“A goal is a dream with a deadline.” – Napoleon Hill
Setting goals is an activity that most of us discover along the way, if we are lucky. It is not something that is often taught in early educations, so most would come into contact with the concept of formal goal setting when we strike out into the world of tertiary studies, or even in the first few years of formal employment. Even then goals are often seen to be a list of things to be accomplished, without the true focus a compelling goal deserves for achievement.
Compelling goal setting, if done from the heart and the mind, requires higher order thinking that requires an understanding of unconscious and conscious paradigms, and the ability to set a vision of what the (temporary?) dream is about.
An unconscious paradigm is the set of beliefs and patterns of behaviour that is so deeply ingrained that we are not even consciously aware of it. This includes deeply held beliefs, assumptions that we hold about the world without any proof that it may be true; meta programs, internal representations of how we perceive the world; and values, which are important and lasting beliefs that are typically acquired from your cultural upbringing and perspectives. Unconscious paradigms need not be an unexplored world, as the conscious exploration of our unconscious paradigms may lead to self-knowledge and deep understanding of the way we relate to the world and how we behave in it.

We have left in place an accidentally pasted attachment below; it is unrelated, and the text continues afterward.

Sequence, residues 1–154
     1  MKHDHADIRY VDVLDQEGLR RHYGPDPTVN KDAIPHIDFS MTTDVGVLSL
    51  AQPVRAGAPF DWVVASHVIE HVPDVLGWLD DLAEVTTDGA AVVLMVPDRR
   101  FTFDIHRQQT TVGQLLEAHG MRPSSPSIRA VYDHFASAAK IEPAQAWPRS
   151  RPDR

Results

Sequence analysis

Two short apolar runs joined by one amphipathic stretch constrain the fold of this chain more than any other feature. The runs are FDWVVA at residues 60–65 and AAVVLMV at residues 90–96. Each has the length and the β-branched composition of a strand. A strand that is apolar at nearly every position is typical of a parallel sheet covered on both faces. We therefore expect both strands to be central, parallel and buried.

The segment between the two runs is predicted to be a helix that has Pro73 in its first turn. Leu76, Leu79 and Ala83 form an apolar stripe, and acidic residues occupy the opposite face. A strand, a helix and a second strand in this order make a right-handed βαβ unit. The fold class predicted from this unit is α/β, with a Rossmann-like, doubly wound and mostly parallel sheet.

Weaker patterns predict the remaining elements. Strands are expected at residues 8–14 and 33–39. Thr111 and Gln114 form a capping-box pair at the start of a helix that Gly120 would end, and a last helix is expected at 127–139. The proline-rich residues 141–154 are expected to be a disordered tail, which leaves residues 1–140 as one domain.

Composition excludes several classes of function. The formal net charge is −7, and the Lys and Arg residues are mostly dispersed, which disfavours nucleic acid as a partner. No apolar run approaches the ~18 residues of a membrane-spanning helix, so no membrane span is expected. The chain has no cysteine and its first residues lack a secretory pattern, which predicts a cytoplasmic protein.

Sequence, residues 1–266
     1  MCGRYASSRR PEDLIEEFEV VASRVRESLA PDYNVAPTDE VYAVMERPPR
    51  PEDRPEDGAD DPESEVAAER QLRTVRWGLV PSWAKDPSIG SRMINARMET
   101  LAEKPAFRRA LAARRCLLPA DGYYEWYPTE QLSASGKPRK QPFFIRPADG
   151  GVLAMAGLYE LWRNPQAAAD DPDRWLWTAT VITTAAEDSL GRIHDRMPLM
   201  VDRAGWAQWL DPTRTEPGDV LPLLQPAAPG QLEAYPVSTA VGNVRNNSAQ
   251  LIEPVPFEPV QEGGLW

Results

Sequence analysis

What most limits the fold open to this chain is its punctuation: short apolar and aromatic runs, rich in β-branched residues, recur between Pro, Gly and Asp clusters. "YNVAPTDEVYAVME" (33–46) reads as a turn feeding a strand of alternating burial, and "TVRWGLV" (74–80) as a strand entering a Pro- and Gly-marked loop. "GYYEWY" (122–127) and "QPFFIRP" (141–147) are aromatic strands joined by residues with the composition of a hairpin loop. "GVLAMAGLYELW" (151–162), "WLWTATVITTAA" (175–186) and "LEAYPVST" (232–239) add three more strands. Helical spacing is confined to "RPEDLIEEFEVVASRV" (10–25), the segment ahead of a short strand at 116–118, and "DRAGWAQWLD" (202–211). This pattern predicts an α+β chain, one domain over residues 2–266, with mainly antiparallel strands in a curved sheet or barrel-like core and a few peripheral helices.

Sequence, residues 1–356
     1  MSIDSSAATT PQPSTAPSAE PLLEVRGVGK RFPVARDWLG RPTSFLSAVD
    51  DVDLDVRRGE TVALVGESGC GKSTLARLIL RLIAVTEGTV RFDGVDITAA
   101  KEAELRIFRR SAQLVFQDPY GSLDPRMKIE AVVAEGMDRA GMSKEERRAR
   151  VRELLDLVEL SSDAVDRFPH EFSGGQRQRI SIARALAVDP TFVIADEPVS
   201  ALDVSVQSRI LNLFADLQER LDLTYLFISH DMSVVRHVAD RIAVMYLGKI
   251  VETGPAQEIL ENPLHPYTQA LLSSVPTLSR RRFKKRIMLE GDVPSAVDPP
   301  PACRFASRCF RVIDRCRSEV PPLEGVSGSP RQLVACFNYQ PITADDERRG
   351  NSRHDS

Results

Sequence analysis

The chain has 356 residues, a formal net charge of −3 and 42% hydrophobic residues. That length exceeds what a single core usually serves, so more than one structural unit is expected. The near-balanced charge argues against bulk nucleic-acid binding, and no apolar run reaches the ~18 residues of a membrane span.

Developing an understanding of our unconscious paradigms is essential to the setting of compelling goals.
(For more information and exercises on how to start shining a light on our inner unconscious world see our E-Guides)
Part of the foundation of getting to compelling goals is the ability to have and formulate a compelling vision. A vision is a dream of the future. Sometimes it is a dream for a specific time, but more often visions are broad, aspirational situations, or experiences, that we want to move towards. It is often seen to be the ideal destination at which we want to arrive given the resources, skills, attitudes and wishes we are aware of at this moment. It is important to see visions as temporary, as it will change as we learn more, experience more and change as human beings.
Visions are often intangible and a way of moving forward to achieving them is through the setting of goals. In our opening quote, Napoleon Hill explains that a goal is a dream with a deadline. Using this perspective it then follows that a goal is something that will have a limited lifetime, and once achieved makes space for the achievement of other goals. As Aldous Huxley explained, “Every ceiling, when reached, becomes a floor, upon which one walks as a matter of course and prescriptive right.”
The observation that flows from this is that goals create a world of dependence, and often of interdependence, in which it can be dependent on other goals being achieved and pursued before its achievement may be possible.
So why do we want to set goals? Is it not possible to simply live in the present and enjoy the moment as it exists?